The effect of collagen hydrolysates from silver carp (Hypophthalmichthys molitrix) skin on UV-induced photoaging in mice: molecular weight affects skin repair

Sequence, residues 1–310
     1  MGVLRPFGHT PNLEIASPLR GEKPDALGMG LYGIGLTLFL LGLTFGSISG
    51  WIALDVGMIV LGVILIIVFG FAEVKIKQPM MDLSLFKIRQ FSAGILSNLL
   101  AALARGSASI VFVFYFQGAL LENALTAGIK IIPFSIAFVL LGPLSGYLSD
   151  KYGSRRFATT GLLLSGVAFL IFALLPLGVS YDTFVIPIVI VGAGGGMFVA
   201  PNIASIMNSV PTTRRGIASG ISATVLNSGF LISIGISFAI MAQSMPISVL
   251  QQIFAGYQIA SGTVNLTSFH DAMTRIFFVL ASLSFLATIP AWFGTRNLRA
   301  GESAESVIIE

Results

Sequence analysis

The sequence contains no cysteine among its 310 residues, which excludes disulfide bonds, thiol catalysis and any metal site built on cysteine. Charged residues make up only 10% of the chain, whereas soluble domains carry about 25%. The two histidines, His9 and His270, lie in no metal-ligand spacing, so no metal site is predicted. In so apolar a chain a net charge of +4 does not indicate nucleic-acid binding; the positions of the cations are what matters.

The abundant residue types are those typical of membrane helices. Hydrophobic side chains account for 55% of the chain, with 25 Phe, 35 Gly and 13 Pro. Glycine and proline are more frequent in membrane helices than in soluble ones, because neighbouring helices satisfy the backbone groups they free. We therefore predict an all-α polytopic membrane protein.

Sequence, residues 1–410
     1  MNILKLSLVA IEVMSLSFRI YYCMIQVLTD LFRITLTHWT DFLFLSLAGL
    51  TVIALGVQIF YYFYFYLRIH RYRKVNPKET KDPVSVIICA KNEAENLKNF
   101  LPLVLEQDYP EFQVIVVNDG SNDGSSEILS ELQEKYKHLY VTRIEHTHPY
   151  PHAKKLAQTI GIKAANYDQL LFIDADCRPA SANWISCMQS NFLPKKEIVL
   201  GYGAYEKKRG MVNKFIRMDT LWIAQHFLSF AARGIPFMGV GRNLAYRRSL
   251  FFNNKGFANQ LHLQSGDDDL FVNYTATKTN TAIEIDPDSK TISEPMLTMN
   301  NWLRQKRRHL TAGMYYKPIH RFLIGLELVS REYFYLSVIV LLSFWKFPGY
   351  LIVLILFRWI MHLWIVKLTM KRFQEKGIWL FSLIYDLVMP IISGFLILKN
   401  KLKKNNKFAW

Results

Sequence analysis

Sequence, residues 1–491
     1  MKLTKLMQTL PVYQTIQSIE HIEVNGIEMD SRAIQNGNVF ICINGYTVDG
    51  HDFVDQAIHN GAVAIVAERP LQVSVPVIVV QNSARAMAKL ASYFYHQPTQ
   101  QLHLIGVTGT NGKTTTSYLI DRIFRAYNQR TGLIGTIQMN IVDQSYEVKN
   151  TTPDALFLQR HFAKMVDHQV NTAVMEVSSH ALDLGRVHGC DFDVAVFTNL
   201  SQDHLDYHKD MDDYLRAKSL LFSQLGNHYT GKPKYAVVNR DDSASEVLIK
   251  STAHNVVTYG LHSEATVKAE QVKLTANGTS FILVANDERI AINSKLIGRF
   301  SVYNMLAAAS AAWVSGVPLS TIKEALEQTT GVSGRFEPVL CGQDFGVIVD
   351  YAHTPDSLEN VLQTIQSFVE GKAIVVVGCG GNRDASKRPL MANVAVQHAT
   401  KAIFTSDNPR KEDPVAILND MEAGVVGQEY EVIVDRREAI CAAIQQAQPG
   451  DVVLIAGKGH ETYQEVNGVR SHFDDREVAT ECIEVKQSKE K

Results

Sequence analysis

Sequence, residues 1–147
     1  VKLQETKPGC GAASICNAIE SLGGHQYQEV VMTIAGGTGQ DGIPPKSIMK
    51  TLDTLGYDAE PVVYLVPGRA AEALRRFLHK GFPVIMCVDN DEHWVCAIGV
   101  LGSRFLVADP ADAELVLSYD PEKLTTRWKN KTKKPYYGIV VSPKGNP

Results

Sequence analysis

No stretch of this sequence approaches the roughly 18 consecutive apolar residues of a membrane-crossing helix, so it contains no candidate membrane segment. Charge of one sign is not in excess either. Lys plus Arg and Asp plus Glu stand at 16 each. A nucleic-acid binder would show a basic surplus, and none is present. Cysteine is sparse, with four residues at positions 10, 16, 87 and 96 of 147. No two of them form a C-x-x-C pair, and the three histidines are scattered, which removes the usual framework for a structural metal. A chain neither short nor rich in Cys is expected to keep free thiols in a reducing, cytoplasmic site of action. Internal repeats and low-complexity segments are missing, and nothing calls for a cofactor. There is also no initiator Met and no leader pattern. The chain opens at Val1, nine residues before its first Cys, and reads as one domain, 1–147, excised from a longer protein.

The use of collagen hydrolysates (CHs) as a nutraceutical agent in skin aging has gained increasing attention. Here, the effects of various doses and molecular weights of CH from silver carp skin on photoaging in mice were investigated. The ingestion of CH at 50, 100 and 200 mg per kg body weight led to a dose-dependent increase in the hydroxyproline, hyaluronic acid and moisture contents of the skin, but it had no significant effect on the mice body weight, or on the spleen or thymus index. Furthermore, ingesting CH with lower (LMCH, 200–1000 Da, 65%) and higher molecular weight (HMCH, >1000 Da, 72%) significantly increased the skin components and improved the antioxidative enzyme activities in both serum and skin (p < 0.05); LMCH performed better than HMCH. By contrast, gelatin (>120 kDa) ingestion did not bring a significant change compared to model mice. These results indicated that LMCH exerted a stronger beneficial effect on the skin than did either HMCH and gelatin, which supported the feasibility of using LMCH as a dietary supplement from silver carp skin to combat photoaging.